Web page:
It was a lazy Thursday morning at the auto repair shop. (For details on why I was even at the shop, check here, here, here, or here.) I hadn't slept the night before so everything was a fog. I had a pounding headache, my sinuses felt tortured and my body's "check engine" light had been on for over a week. For some reason I was taking care of my car parts before my human parts.
In the corner of the room, a collection of "readables" littered a two-foot-high table. A few advertisements, mostly unopened, topped it like a cherry on the mulch pile. Our city's most reputable rag, a rapidly declining publication that only publishes a new edition four times a week and gets most of its content by regurgitating Reuters articles, shouted a headline about a local boy who did well in collegiate basketball. He was making someone somewhere very proud, but in this auto shop, his picture had been defaced by a coffee stain and his photo caption was obscured by a three-year-old copy of Redbook. Brightly colored chairs lined the room, exuding a cheeriness that seemed more at place in a Kindergarten classroom than beside posted warnings about wheel alignment and air filters.
Behind the desk, a tired looking woman prepared invoices. I knew this was her task because I recognized the dire boredom that covered her face like a henna tattoo at a theme park. At one point she stopped working for fifteen seconds and stared blankly at her keyboard. I know because I watched and counted. Cut her some slack, I thought, it's Thursday.
Invoice Woman needed some sugar. She left her post at the terminal and marched into a back room that I hadn't noticed before. She returned with a juice beverage, which she opened slowly and sipped with a deliberateness that suggested she had nothing else to enjoy. I was thirsty all of a sudden. At one point Invoice Woman glanced down at the cap. Either she hadn't won ("Try Again Next Time"), or Snapple wasn't running a bottle-cap promotion ("Best By 4/23/10"), but still she looked. I wondered how many hundreds of thousands of employees were checking bottle caps at work that very morning. I wonder what kind of noisy cacophony would be created if they all opened their bottles at the same time in a small room. Would the noise be soft and delicious or would it be deafening? Would it make you want to drink Snapple? Would a human being be able to survive the blast of that prodigious noise? That might actually be a really good way to go...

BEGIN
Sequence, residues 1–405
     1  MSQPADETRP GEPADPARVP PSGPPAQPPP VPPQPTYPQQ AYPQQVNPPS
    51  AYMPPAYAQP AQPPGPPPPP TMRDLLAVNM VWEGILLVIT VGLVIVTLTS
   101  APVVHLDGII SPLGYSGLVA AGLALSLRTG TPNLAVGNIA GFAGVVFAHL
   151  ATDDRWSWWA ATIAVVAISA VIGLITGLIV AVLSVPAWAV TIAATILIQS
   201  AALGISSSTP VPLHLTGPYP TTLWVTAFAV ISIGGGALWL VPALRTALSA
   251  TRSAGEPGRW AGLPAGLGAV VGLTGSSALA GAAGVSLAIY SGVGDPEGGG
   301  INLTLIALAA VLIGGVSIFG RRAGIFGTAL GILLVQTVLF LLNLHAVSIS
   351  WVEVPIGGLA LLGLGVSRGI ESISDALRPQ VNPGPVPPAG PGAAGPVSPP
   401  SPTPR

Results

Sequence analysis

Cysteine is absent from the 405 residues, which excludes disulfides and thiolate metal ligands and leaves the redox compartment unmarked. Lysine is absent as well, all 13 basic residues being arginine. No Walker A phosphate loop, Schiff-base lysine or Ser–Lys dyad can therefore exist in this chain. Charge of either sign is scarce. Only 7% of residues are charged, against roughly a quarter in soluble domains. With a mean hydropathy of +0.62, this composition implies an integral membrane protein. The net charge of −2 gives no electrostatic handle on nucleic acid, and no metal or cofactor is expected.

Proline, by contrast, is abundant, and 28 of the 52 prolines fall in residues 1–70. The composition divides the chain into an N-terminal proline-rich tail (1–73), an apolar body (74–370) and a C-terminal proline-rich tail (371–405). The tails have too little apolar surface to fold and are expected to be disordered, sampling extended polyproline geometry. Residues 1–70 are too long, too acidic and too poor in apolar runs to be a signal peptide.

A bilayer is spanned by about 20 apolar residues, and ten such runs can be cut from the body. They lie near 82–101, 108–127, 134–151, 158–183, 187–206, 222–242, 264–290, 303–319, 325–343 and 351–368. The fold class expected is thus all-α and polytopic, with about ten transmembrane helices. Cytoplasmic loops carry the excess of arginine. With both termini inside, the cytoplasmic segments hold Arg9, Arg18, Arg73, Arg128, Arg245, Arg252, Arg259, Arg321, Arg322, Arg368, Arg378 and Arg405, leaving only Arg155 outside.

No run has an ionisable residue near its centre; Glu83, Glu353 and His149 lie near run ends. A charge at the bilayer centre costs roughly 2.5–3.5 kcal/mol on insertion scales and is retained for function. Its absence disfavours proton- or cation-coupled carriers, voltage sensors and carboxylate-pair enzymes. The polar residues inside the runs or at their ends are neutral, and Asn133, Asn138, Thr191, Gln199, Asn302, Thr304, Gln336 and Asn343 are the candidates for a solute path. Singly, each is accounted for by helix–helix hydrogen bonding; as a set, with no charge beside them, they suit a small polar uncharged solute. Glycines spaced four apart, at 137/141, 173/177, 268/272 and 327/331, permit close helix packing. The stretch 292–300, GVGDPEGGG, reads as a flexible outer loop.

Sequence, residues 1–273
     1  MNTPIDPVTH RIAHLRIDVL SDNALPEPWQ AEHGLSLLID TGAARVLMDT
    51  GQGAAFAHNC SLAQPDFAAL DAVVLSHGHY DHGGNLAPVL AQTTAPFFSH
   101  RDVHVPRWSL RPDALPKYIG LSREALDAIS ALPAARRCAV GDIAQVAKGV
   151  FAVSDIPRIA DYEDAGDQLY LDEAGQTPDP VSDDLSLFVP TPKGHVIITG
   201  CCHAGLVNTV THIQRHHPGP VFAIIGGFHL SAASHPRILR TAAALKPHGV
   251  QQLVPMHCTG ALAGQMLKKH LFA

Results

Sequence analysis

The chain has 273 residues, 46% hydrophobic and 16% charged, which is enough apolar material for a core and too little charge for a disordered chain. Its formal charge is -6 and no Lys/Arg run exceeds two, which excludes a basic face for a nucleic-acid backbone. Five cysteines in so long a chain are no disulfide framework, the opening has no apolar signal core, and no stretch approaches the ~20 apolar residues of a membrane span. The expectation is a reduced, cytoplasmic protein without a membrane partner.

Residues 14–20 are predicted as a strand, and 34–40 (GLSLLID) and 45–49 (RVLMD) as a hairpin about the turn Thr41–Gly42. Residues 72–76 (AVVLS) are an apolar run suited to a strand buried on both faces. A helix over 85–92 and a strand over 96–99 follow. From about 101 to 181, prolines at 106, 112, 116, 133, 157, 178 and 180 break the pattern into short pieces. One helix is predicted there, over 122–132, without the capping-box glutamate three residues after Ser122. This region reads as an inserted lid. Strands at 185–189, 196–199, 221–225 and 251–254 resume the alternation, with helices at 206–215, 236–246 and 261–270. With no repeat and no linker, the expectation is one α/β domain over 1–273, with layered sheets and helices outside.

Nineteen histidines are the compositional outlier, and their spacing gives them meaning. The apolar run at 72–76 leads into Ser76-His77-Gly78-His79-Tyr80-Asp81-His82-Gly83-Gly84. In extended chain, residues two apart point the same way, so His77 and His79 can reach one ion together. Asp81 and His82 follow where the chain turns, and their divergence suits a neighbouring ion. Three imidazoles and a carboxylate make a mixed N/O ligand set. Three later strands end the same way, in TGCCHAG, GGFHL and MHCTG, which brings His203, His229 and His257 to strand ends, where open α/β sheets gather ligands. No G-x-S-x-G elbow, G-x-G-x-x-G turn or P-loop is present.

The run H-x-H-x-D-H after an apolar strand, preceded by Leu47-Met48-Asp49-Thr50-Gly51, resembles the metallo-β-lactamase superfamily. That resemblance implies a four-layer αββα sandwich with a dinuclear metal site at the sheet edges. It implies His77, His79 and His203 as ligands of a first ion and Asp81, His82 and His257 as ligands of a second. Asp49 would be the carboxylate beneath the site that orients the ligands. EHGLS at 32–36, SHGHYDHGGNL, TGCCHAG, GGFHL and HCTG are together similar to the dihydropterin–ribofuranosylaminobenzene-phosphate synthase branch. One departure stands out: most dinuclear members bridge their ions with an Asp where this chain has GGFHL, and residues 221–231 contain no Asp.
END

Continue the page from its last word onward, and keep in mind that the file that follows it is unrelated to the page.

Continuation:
The mechanic behind the counter motioned for me and I trudged toward him with all the energy of a man who knew his fate. I was the defendant and the mechanic was my judge: I was rising to hear my sentence.
Car repairs are the least satisfying of all expenses. You can buy a lunch and feel the effect of your purchase immediately as the warm food assuages your hunger. You can buy a gift for a friend and see her the joyful sparkle in her eyes and hear her thanks. You can even give your money to a bum with some satisfaction. But repairing what you thought wasn't broken to get what you figured you always had is frustrating, especially when the price tag is six times your weekly income.
The mechanic announced the prognosis with the stoic nonchalance of Dr. House. He didn't even try to sell his services or distinguish Pepboys from Harney's down the road or Aamco (honk honk) up the hill. His sad eyes provoked a modicum of pity, but then I caught a glance between him and Invoice Woman. I was the victim of an auto de fe and they were the benificiaries.
That's when I decided to have some fun. I was halfway though this FCN post, after all, and it was pretty dry. I started crying. Tears filled my eyes and flooded down my cheeks like so much mug root beer. (The tears were contrived, I promise. They were not, by any means, a natural reaction to the tension of the situation. I felt bad about what was happening, sure, but the tears were all for FCN. Please believe me, my dignity is on the line.)
Mechanic rolled his eyes and turned away, as if some space would help me recover. Invoice Woman reacted more positively. I felt her arm around my shoulder and she pushed an unopened Snapple my way. She understood the difficulty of these Harsh Economic Times and she understood how a car repair for a reckless driver could magnify the harshness. A few sips of Snapple helped push back the edge of my emotion and I looked up with a sniff to see the mechanic, his sad eyes unperturbed, standing at attention.
"I'll talk with my manager and see what we can do," he said simply. I nodded, having absolutely no idea what he meant. Mechanic left for a few minutes. When he returned, my Snapple was empty.
"All right, uh, Mr. C., here's what we can do. We'll cut $300 off parts and services and give you all the work for the charitable price of..." Mechanic went on for a few minutes droning about where the discount originated and how generous Pepboys was being. When he was done, I shrugged and nodded. I had never experienced such an easy Auto de Fe.
When you are feeling down
When things are falling all around
Let the tears flow thickly
Things will improve quickly